Peter Monsaert • Director
by Aurore Engelen
- Cineuropa met up with Belgian director Peter Monsaert to discuss his second feature, Flemish Heaven
Peter Monsaert rose to prominence in the film world with his feature debut, Offline [+see also:
film profile], which won the Feature Film Grand Prix and the Best Actress and Actor Awards at Amiens, amongst other accolades. His career continues to progress, straddling theatre, cinema, video installations and community-based art. Flemish Heaven [+see also:
interview: Peter Monsaert
film profile], his second feature, goes on general release this week in Belgium (courtesy of Lumière), and will come out in France in January (via Urban Distribution International) and in the Netherlands in February (with Lumière).
Cineuropa: Where did the idea for the film come from?
Peter Monsaert: When my daughters were born, and I saw them for the first time, I fell hopelessly in love. I cried like crazy for the first time in ten years. I felt love, but I also felt fear and vulnerability, emotions that I’d never felt before that. I decided to make a film out of the experience. I wanted to tackle the topic of family, and I wanted to work on the feeling of guilt: is it something that’s inside of us, or is it imposed on us from the outside? The world of prostitution gave me the opportunity to address this issue.
The mother in the film is doubly guilty and vulnerable: first of all as a mother, and also as a prostitute, correct?
Yes, absolutely. She is guilty, socially speaking. But the society we live in is hypocritical. Most people tolerate prostitution, and they are even pleased that prostitutes exist, but as soon as something happens, everyone thinks, “I’m not surprised, she’s a whore.” Tragedy forces people to discuss things; at school, people treat Eline’s mother like a hooker, and the police officer in charge of the inquiry is quick to blame the mother’s way of life… I wanted to normalise prostitution. The girls I met during my research for the movie were very insistent that they can’t be reduced to a mere occupation; they are women, mothers, daughters, sisters, and not only prostitutes. That’s why I chose to show the kitchen or the bar, and not the bedrooms.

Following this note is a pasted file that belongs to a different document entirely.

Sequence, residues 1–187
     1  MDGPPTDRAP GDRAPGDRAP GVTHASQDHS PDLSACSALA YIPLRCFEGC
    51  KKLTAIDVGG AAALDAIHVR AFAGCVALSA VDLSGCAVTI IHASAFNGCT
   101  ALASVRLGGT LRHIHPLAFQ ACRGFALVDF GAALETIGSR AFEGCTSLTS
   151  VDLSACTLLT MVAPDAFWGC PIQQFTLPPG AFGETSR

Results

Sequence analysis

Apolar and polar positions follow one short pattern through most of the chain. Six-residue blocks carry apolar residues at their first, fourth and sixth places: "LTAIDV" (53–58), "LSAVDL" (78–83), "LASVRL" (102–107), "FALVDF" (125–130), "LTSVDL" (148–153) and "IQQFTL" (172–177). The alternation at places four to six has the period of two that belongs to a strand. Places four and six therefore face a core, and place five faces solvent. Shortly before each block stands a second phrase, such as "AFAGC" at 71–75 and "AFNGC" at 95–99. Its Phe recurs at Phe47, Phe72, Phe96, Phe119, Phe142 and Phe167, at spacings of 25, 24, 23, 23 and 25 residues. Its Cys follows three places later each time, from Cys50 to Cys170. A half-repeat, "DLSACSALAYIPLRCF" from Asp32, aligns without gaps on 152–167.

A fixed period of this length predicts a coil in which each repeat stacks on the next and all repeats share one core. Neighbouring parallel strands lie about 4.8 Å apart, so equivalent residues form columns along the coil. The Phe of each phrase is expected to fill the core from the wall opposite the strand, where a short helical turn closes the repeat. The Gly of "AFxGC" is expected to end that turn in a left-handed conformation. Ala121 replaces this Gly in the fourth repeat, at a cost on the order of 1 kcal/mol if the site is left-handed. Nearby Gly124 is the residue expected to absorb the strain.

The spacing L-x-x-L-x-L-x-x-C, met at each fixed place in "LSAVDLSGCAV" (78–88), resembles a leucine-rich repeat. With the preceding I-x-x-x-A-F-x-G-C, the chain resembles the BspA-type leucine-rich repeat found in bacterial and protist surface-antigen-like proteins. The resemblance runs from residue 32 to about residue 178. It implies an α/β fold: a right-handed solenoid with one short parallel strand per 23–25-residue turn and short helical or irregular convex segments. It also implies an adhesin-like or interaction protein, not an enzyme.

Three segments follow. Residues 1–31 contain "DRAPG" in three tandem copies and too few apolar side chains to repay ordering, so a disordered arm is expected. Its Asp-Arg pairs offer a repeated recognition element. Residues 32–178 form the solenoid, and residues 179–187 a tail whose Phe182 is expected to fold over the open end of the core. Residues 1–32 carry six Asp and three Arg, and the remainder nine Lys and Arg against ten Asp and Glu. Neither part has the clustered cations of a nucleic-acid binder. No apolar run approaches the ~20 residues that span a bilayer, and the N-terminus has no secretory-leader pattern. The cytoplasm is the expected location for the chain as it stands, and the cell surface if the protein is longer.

The beating heart of the film is the subject of family.
That happened all by itself – it wasn’t a conscious decision. It’s a movie about women and about family. Incidentally, the character of Uncle Dirk is initially confined to the sidelines of the film, and he gradually figures out his place and finds himself at the core of the family. The themes are similar to those found in my first film, Offline. It scared me a little at first; I thought I was stuck on one subject, but then I realised it was normal. For me, family is the only thing you can’t escape from.
As the film progresses, it is steeped in chiaroscuro, both aesthetically and morally speaking.
I really like movies that ask questions and leave it up to the viewer to answer them. That’s what people take away from the film when they leave: what would I have done in that person’s shoes? A film is a conversation between the director and the audience: you make the film together.
The clash between the worlds of the adults and the children proves to be pretty brutal.
The way we film Eline is different; we tried to adopt an approach with close-up shots, so that you could almost reach out and touch her, and we tried to be more poetic than prosaic with her character. There’s a very open and naïve approach to her way of looking at things.
Is this distance also a dramatic mechanism?
Yes, and that’s also why I decided to work in two languages in the film. I’ve worked on the French border, where sex trafficking is a burgeoning business. Eline doesn’t understand what her assailant is telling her, either emotionally or literally. For her, cuddles are normal. Nor does she understand body language, and this is what exacerbates the tragedy.
(Translated from French)